MD, PhD, FMedSci, FRSB, FRCP, FRCPEd.

homeopathy

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Ovariohysterectomy (OH) is one of the most frequent elective surgical procedures in routine veterinary practice. The aim of this study was to evaluate analgesia with Arnica montana 30cH during the postoperative period after elective OH.

Thirty healthy female dogs, aged 1 to 3 years, weighing 7 to 14 kg, were selected at the Veterinary Hospital in Campo Mourão, Paraná, Brazil. The dogs underwent the surgical procedure with an anaesthetic protocol and analgesia that had the aim of maintaining the patient’s wellbeing. After the procedure, they were randomly divided into three groups of 10. One group received Arnica montana 30cH; another received 5% hydroalcoholic solution; and the third group, 0.9% NaCl saline solution. All animals received four drops of the respective solution sublingually and under blinded conditions, every 10 minutes for 1 hour, after the inhalational anaesthetic had been withdrawn. The Glasgow Composite Measure Pain Scale was used to analyse the effect of therapy. Analysis of variance (ANOVA) followed by the Tukey test was used to evaluate the test data. Statistical differences were deemed significant when p ≤0.05.

The results show that the Arnica montana 30cH group maintained analgesia on average for 17.8 ± 3.6 hours, whilst the hydroalcoholic solution group did so for 5.1 ± 1.2 hours and the saline solution group for 4.1 ± 0.9 hours (p ≤0.05).

The authors concluded that these data demonstrate that Arnica montana 30cH presented a more significant analgesic effect than the control groups, thus indicating its potential for postoperative analgesia in dogs undergoing OH.

I do not have access to the full article (I was fired by the late Peter Fisher from the editorial board of the journal ‘HOMEOPATHY’) which puts me in a somewhat difficult position:

  • not reporting this study could be construed as an anti-homeopathy bias,
  • and reporting it handicaps me as I cannot assess essential details.

So, if anyone has access, please send the full paper to me and I will then study it and revise this post accordingly.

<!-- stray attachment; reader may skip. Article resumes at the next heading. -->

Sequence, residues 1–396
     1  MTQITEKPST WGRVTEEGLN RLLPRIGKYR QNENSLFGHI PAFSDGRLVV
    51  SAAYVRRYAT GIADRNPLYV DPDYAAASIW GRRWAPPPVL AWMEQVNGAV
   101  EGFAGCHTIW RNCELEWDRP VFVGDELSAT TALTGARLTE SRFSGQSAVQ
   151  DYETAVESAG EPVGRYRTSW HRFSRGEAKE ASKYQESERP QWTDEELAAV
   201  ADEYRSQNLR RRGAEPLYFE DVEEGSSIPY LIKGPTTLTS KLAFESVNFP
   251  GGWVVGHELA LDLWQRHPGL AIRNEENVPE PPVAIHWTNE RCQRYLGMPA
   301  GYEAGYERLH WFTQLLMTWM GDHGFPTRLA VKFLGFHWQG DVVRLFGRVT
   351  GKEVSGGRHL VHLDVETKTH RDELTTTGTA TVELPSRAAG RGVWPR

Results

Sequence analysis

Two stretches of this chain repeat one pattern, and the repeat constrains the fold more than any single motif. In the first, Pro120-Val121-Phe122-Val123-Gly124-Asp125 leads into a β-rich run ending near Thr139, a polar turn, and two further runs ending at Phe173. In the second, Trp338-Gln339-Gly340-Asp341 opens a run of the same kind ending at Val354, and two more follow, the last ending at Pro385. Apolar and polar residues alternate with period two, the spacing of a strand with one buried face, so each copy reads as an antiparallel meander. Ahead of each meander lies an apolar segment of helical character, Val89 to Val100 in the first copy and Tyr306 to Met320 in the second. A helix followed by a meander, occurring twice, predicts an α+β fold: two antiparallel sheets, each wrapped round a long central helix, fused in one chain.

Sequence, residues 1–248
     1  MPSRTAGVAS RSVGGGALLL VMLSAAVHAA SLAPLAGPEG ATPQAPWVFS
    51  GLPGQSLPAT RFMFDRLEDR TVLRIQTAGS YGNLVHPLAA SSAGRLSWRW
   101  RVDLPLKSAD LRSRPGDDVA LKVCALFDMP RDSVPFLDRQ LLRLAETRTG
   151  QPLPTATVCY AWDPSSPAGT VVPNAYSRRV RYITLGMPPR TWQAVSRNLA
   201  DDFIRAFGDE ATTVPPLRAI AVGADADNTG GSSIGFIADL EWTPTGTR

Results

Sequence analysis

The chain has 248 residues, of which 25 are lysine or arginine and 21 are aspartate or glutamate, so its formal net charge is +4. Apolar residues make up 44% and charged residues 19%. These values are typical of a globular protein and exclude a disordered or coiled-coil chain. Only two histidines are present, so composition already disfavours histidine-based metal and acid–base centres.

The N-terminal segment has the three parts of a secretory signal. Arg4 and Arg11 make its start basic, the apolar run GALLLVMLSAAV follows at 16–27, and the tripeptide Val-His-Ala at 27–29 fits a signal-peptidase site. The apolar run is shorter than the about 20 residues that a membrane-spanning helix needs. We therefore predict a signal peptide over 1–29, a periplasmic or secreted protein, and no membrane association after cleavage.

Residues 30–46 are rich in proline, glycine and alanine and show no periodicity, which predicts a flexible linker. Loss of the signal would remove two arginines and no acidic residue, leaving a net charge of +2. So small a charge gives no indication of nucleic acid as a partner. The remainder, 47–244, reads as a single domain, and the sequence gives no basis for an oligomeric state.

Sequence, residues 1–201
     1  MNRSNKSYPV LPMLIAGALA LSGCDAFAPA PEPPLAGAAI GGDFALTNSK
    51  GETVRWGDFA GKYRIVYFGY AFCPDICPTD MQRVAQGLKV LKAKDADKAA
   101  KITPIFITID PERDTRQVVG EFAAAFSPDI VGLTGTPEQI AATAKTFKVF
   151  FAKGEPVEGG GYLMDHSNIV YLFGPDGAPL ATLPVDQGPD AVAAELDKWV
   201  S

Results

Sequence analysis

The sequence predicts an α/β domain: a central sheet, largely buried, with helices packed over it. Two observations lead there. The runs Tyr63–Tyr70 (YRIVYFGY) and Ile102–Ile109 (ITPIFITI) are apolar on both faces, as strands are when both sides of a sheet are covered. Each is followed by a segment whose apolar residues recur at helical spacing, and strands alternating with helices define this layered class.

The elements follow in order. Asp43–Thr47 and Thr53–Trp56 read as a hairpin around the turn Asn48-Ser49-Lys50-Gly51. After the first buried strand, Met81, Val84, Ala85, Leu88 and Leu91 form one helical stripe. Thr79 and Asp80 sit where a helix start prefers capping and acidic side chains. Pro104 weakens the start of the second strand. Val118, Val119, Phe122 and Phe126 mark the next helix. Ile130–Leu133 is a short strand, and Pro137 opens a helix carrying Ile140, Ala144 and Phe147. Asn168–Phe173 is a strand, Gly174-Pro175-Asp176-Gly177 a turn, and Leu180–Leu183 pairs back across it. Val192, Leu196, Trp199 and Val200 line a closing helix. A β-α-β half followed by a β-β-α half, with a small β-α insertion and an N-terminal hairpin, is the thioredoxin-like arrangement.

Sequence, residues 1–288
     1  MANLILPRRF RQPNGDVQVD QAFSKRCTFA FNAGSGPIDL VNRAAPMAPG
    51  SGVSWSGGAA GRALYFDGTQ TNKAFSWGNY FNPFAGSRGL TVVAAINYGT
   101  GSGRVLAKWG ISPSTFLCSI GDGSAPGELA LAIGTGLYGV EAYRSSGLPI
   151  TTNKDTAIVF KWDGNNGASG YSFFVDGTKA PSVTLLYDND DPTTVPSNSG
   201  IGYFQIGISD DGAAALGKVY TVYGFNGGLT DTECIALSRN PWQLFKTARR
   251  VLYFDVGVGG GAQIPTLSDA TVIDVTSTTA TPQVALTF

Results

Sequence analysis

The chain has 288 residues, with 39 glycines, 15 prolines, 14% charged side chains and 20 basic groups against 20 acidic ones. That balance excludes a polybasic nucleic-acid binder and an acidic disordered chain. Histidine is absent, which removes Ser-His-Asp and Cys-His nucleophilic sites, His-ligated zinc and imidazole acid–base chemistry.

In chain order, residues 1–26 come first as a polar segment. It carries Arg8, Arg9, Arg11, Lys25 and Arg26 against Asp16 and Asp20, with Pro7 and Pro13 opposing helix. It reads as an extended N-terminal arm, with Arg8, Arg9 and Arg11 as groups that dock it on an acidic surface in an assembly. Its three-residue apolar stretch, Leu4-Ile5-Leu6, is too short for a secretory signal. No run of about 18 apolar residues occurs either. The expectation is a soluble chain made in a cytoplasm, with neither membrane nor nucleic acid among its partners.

Judging from the abstract, I have to say that the results seem far too good to be true. I doubt that any oral remedy can have the effect that is being described here – let alone one that has been diluted (sorry, potentised) at a rate of 1: 1000000000000000000000000000000000000000000000000000000000000. That fact alone reduces the plausibility of the finding to zero.

At this stage, I do wonder who peer-reviewed the study and ask myself whether the rough data have been checked for reliability.

The following press release was published by the AMA on 16/11/2021. I consider it sufficiently relevant to re-publish it here in full and, as it is entirely self-explanatory, without further comment:

At its Special Meeting today, the American Medical Association (AMA) House of Delegates approved a resolution stating that only licensed physicians should determine whether a person should receive a medical exemption from vaccines.

The policy comes in the wake of tens of thousands of people seeking exemptions to state and municipal COVID mandates, contending they have medical reasons for remaining unvaccinated. The new policy states that only licensed physicians should have the medical authority and the power to grant these exemptions.

“Vaccine hesitancy has played an unfortunate role in extending the COVID-19 public emergency. Failing to get vaccinated has resulted in tragic and unnecessary deaths. To protect everyone, we must be sure that a trained, licensed physician is making the judgment on whether a person actually warrants an exemption,” said Willie Underwood III, M.D., M.Sc., M.P.H., a member of the AMA Board of Trustees.

The definition of “medical authority” varies from state to state, with some states allowing alternative practitioners, such as naturopathic providers, to approve vaccine exemptions. Surveys have shown that naturopathic providers and other alternative medicine providers (such as homeopaths and chiropractors) are less likely to recommend vaccines—or even recommend against vaccines—despite scientific evidence of safety and efficacy.

“State policymakers need to limit the definition to physicians who have the training necessary to recognize a medical condition that prevents a patient from receiving a vaccine,” Dr. Underwood said. “We shouldn’t jeopardize public health by listening to unlicensed and untrained providers.”

The AMA already has policy opposing nonmedical (religious, philosophic, or personal belief) exemptions from immunizations, since such exemptions endanger the health of the unvaccinated individual and the health of the community at large. The AMA supports the immunization recommendations of the Advisory Committee on Immunization Practices for all individuals without medical contraindications. It also supports legislation eliminating nonmedical immunization exemptions and encourages state medical associations to seek removal of nonmedical exemptions in states requiring mandatory immunizations.